All this said, one of the most respected sales experts in the country who has published that "cold calling is the only reliable way a salesperson can build their pipeline" also linked to our video and is a big proponent and practicer of inbound marketing. 
 
If the video gets people to react a bit emotionally, that'll probably be a pretty good outcome... because atleast it struck a chord.

posted on Wednesday, September 24, 2008 at 12:43 PM by peter caputa


Innovation is the way to go and yes...trying out the unexplored areas for business has been the most rewarding one...soon everybody is gonna be doing that.

posted on Wednesday, September 24, 2008 at 2:25 PM by flingcom


I do agree that the percentage of leads turning into order is high in inbound marketing compared to outbound marketing, for the very reason that the caller believes on whatever is advertised in the marketing gimmick. But there are many leads that turn into orders from outbound marketing who could not have called-in unlike the customer in the YouTube video for the obvious reason that the inbound marketing does not reach 100% of target market, leave alone the mediocre crowd. Else the traditional outbound marketing method would have died long time ago or at least when the inbound marketing became vogue.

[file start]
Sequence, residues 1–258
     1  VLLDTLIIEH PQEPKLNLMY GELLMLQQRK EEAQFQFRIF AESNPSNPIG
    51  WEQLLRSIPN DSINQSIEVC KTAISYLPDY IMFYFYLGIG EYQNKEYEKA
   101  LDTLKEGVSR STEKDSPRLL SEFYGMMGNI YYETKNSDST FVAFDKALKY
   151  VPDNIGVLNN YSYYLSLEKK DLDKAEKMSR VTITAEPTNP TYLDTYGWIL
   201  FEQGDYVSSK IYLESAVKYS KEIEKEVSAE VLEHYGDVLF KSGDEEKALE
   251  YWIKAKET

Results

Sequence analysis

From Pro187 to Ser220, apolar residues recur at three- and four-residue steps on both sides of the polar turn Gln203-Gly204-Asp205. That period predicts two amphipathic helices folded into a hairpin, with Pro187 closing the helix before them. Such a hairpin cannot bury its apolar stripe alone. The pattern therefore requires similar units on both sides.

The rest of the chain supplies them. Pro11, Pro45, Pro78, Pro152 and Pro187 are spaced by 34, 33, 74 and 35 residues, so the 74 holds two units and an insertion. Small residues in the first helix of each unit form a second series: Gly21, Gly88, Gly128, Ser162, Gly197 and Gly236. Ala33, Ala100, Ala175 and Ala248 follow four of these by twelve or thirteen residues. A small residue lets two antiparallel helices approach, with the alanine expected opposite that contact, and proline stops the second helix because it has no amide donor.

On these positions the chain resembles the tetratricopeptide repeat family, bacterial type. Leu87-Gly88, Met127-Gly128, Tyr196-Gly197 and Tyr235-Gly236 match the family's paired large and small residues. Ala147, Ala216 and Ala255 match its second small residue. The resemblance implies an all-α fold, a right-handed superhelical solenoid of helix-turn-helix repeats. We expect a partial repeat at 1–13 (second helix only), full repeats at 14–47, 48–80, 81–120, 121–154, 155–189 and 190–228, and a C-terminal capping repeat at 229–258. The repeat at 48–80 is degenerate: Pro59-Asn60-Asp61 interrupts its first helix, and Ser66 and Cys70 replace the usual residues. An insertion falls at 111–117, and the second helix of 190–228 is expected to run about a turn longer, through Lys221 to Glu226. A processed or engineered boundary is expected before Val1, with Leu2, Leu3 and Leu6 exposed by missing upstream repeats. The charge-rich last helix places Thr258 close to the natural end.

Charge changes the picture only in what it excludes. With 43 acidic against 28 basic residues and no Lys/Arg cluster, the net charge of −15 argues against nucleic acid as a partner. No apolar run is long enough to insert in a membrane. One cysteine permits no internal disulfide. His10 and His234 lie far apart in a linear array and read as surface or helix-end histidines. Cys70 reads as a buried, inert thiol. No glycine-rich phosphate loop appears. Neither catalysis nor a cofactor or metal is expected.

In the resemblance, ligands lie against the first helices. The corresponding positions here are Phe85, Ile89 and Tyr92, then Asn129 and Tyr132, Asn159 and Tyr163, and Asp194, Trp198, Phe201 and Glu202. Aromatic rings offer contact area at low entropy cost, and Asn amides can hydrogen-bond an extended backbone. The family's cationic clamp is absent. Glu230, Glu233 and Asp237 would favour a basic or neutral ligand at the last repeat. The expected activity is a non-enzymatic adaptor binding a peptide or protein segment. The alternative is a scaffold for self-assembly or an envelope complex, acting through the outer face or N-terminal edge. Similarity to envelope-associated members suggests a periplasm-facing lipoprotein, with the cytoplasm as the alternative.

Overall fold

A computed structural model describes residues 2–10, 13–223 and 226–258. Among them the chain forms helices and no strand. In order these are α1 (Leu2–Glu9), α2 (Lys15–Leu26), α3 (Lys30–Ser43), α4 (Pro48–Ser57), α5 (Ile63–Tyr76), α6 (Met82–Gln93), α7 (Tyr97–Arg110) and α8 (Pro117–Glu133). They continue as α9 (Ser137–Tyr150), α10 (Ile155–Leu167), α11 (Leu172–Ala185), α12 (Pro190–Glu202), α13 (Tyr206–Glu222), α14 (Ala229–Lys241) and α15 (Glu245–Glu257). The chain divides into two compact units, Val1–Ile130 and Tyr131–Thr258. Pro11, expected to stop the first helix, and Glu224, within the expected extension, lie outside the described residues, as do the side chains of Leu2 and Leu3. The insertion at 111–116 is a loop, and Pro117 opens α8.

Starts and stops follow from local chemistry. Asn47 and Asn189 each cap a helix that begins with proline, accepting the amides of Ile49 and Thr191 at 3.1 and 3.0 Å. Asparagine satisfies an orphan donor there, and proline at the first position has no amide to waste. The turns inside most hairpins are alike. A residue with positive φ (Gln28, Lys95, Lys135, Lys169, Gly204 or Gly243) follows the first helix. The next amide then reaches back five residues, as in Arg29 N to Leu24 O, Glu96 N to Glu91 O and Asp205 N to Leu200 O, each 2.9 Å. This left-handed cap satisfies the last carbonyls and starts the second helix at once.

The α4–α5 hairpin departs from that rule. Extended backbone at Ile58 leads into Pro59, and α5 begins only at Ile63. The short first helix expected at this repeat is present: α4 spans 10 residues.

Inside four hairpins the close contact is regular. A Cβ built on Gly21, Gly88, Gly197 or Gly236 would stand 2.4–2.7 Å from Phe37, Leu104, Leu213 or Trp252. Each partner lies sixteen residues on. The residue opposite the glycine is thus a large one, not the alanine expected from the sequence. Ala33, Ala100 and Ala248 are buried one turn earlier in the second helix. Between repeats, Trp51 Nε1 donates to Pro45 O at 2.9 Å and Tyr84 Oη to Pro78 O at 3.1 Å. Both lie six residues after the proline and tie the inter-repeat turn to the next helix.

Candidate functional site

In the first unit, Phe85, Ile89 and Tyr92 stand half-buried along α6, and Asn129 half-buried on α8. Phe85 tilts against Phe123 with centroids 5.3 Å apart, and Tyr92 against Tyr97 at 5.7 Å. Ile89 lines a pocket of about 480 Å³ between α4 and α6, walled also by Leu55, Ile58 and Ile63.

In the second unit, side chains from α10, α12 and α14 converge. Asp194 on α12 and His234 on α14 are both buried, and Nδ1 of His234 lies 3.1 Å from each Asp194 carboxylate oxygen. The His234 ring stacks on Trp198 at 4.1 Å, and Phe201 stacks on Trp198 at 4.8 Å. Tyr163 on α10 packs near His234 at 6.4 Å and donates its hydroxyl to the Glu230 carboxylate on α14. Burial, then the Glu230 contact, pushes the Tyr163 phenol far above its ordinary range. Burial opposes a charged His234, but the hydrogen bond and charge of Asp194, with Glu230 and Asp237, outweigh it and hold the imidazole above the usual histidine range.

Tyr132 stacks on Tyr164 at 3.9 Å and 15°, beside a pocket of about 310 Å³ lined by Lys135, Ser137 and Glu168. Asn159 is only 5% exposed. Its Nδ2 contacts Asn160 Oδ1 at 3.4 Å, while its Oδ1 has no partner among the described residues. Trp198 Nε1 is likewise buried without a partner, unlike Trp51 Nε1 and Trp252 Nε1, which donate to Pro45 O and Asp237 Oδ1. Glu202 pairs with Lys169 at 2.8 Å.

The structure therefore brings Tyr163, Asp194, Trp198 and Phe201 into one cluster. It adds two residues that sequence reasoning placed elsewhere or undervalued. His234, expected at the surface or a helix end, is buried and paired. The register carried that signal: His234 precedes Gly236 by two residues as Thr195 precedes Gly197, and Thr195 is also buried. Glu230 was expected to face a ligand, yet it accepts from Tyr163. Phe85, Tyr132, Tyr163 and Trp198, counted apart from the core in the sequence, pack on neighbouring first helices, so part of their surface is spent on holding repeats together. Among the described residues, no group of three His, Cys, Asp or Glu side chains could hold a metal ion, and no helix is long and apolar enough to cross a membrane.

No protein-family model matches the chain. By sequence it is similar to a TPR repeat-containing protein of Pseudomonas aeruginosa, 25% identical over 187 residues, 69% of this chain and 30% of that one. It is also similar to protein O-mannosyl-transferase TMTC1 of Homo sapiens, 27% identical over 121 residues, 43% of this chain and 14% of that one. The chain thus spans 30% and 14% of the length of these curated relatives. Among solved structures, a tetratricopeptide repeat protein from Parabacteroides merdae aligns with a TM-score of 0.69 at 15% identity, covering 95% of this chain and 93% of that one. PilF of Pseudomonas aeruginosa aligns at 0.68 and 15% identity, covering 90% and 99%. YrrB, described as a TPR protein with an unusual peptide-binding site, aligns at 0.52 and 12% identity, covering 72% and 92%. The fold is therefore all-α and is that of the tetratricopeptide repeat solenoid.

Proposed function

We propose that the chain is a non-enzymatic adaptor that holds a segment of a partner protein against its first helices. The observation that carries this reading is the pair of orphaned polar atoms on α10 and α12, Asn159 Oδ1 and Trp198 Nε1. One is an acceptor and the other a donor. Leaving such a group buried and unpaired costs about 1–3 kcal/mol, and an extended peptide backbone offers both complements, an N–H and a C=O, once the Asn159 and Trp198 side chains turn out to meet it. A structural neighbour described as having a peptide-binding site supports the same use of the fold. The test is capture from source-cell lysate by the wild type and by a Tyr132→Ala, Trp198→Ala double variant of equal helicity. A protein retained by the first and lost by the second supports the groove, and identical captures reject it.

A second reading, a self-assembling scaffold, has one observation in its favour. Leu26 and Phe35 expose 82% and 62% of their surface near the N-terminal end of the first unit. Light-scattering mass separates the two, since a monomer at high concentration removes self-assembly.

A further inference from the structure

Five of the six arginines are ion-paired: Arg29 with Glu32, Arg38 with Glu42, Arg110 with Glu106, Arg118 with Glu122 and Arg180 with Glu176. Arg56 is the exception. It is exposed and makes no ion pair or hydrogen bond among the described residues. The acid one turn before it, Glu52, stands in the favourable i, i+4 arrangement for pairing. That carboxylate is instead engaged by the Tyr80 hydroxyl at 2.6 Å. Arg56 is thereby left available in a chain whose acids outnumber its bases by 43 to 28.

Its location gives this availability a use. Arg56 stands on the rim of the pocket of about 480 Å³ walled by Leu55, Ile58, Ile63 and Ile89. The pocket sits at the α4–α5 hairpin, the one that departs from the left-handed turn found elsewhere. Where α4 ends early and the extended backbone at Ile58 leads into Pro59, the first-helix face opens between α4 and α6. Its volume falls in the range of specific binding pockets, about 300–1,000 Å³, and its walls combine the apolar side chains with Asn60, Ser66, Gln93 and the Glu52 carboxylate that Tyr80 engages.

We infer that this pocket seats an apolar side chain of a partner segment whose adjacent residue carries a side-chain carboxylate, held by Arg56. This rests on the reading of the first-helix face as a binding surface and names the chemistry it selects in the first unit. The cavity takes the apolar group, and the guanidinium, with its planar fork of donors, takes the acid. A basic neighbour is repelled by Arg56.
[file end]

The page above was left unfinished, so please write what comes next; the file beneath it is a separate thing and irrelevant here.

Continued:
Even though the phrase “outbound marketing” is used lately, I feel that companies have been practicing it indirectly. In my opinion all the “Television” “Radio” or “Billboard” ads are kind of inbound marketing. For that matter any type of marketing without the advertiser knowing who is reading or listening to the ad about my company or product could be classified as inbound marketing. Another scary thing about the inbound marketing is the internet and TV is with huge number of untrue and “between the lines”, “hidden cost” ads, people are scared to make an attempt to find out if their products are genuine and do not get cheated. 
 
 
 
I feel the main reason the companies go for inbound marketing compare to outbound marketing is the cost factor. When you go for automated computerized outbound telemarketing, it might workout a lot cheaper and also the companies get to fish only the ones who are caught on the hooks like the inbound marketing. 
 
 
 
Another point I want to mention is that the human eyes get so immune to total dump of inbound marketing ads on the internet, people don’t even bother to pay attention to such ads even if they try desperately with dancing girls to sell mortgage. To check this out I asked a few of my friends if anyone remembers the name of the company for which the ad is for, only a few remember and some of them could recollect that it is for some kind of mortgage company. None of them clicked on the ad to get to know more about their product. Of course some desperate way below mediocre crowd would have clicked on it and only a small percentage of them would have actually perused to purchase the product or service.